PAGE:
Tuesday, June 28, 2011


Yes, audacious traveller - it is the 28th of June - but alas, I am not in Iceland to begin that greatest journey of all science fiction - the Journey to the Center of the Earth.

It is well worth our fixing this day in our calendars - there are plenty of science fiction stories, plenty of mysteries. People may recall March 25 as a most holy and grand day, the day of the downfall of the Powers of Darkness - the day the Ring went into the fires of Orodruin - Oh, you mean that date is Something Else too, celebrating an even greater triumph of an even smaller person over an even greater darkness? Why yes, that is the day on which the Second Person of the Most Holy Trinity came to dwell among us as a single-celled human male cell, and over time grow into adulthood. (For only God can make Adam's "No" as fruitful as Frodo's.)

Or they may recall the birthday of the famous Boy Who Lived, July 31, which is also the great feast day of the "Fire Man" of the Faith: the soldier of Loyola who gave up - not his soldiering, but his entire life - for the Greater Glory of God.

Yes, there are plenty of important dates in fiction - though too many science fiction stories use French-Devolution style dates, which no one could possibly celebrate. When's the 10th of Messidor, anyway? Or Stardate 5762.6? It's "Once Upon a Time" or "Long long ago in a Galaxy far far away". At least some of us know what A.U.C. means, or A.M., or even A.H., if one sets one's calendars by such markers. From my studies, it appears we're not too sure about the starting date for the Long Count of the Maya, a detail I've taken advantage of by using as part X of From Darkness Into Light. (That's part of my Saga, if you really want to know.)

Really, it's fine to have alternative calendars. One of Chesterton's more insightful lines was in connection with such things:
A feeling touching the nature of things does not only make men feel that there are certain proper things to say; it makes them feel that there are certain proper things to do. The more agreeable of these consist of dancing, building temples, and shouting very loud; the less agreeable, of wearing green carnations and burning other philosophers alive. But everywhere the religious dance came before the religious hymn, and man was a ritualist before he could speak. If Comtism had spread the world would have been converted, not by the Comtist philosophy, but by the Comtist calendar. By discouraging what they conceive to be the weakness of their master, the English Positivists have broken the strength of their religion. A man who has faith must be prepared not only to be a martyr, but to be a fool. It is absurd to say that a man is ready to toil and die for his convictions when he is not even ready to wear a wreath round his head for them. I myself, to take a corpus vile, am very certain that I would not read the works of Comte through for any consideration whatever. But I can easily imagine myself with the greatest enthusiasm lighting a bonfire on Darwin Day.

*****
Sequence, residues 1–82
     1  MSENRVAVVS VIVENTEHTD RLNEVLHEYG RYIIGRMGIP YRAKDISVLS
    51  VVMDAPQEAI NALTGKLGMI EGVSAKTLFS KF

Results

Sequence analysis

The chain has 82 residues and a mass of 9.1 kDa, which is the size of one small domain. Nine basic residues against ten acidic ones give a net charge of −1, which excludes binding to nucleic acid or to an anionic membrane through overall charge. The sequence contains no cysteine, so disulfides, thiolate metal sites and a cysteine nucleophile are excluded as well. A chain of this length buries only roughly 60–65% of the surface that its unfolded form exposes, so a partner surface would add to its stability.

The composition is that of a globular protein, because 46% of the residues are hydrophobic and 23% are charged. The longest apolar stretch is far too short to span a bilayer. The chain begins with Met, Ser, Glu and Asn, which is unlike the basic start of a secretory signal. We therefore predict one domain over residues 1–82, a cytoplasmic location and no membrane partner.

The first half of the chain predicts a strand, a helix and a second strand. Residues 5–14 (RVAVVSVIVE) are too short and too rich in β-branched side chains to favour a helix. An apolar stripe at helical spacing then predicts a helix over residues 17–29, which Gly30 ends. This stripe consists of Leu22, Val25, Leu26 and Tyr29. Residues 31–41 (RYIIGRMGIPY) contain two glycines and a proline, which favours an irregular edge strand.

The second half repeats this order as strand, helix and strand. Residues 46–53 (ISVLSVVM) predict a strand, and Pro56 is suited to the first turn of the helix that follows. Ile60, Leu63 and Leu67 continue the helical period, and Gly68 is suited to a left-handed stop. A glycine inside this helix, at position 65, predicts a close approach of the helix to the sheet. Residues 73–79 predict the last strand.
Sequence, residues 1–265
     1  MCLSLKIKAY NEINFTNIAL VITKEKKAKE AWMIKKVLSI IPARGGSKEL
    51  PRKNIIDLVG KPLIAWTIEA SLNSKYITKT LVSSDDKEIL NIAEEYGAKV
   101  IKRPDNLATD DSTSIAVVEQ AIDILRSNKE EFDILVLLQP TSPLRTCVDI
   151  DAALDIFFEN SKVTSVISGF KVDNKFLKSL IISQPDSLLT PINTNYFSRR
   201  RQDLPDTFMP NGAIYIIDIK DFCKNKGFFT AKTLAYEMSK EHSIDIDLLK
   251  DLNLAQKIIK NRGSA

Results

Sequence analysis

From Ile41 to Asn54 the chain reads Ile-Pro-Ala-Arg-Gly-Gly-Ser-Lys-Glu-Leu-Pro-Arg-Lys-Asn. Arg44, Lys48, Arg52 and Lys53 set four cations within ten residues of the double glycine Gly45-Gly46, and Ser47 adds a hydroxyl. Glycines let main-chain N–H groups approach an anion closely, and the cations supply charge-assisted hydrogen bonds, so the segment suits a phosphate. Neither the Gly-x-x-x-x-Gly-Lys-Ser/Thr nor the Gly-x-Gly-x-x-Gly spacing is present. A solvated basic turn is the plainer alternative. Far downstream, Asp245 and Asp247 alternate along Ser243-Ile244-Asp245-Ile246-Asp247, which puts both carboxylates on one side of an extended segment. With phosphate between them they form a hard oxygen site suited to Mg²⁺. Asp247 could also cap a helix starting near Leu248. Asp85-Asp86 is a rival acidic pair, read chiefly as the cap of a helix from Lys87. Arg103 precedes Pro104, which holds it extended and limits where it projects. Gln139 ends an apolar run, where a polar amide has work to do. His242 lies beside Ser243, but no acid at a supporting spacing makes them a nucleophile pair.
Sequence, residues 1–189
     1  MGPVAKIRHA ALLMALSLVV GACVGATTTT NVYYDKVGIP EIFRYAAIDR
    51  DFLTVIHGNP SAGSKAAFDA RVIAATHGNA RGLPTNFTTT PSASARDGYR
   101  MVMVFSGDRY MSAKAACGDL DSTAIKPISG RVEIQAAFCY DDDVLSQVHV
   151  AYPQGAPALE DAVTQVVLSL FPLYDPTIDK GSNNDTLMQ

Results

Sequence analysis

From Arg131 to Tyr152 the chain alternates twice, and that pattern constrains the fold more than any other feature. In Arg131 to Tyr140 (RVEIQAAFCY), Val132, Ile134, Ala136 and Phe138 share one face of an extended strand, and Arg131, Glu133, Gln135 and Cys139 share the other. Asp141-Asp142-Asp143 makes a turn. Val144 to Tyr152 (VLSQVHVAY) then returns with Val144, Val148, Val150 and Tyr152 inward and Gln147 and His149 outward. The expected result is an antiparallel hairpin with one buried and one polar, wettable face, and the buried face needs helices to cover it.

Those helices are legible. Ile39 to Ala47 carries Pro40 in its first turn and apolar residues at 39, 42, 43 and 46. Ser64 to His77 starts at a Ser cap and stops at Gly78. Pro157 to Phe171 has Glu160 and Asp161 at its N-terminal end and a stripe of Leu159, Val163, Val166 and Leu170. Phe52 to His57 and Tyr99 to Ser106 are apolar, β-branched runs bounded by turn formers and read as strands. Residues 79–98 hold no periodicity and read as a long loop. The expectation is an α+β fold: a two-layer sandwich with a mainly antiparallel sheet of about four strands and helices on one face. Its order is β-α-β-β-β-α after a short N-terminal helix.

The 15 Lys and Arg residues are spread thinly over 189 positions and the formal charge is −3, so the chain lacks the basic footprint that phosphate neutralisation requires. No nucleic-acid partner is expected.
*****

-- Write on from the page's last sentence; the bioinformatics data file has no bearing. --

[GKC Heretics CW1:87]
More on this some other time.

Fiction is a handy tool, and never more handy when the reference books give you convenient details all ripe and ready to combine... It was too tidy when I read this:
Whoever put in order this computation of katuns, if it was the devil, he did it, as he usually does, ordaining it for his own glory.
[Friar Diego de Landa, first bishop of Mérida, quoted in Von Hagen, World of the Maya 169]
And we know how Dante put his journey to the center of the spherical earth to culminate on the night of Holy Saturday of 1300. (Yeah, he was writing in 1320 or so, demonstrating that people knew this truth long before Columbus. Actually the Greeks knew; sometimes I think it's the Media who don't know.)

A personal aside. Like Dante, I saw the Southern Cross at midnight between Holy Saturday and Easter Sunday... it was a profoundly moving moment.

But while we do not know exactly where Dante descended - and few may wish to follow him where he led, despite the far better 2/3s of his work which follows his Hell - we DO know where Arne Sakneussemm descended, and the date, which was June 28... and we ought to recall it as a great day, and celebrate with appropriate festivities. (For more on Verne's story, see here.)

June 28 is also Frances Blogg's birthday - the dear wife of G. K. Chesterton - she of course was his favourite Blogg, which accounts for... for something. And it was also the day they got married, so perhaps it is suitable to think about difficult journeys and great real-life adventures which are stranger than fiction.

Finally, tomorrow is the Solemnity of Sts. Peter and Paul - on which we shall begin our special novena, which ends on the Nones of July. Please join us in prayer, as there are many needs and difficulties and turmoils in our world, and we need to unite in prayer, whether we work in the depths of the earth or interstellar space...

As Hans the guide said: Forüt!!! Forward! Let us be audax - audacious - for our life is an adventure, and with prayer we may hope for a great and good ending.


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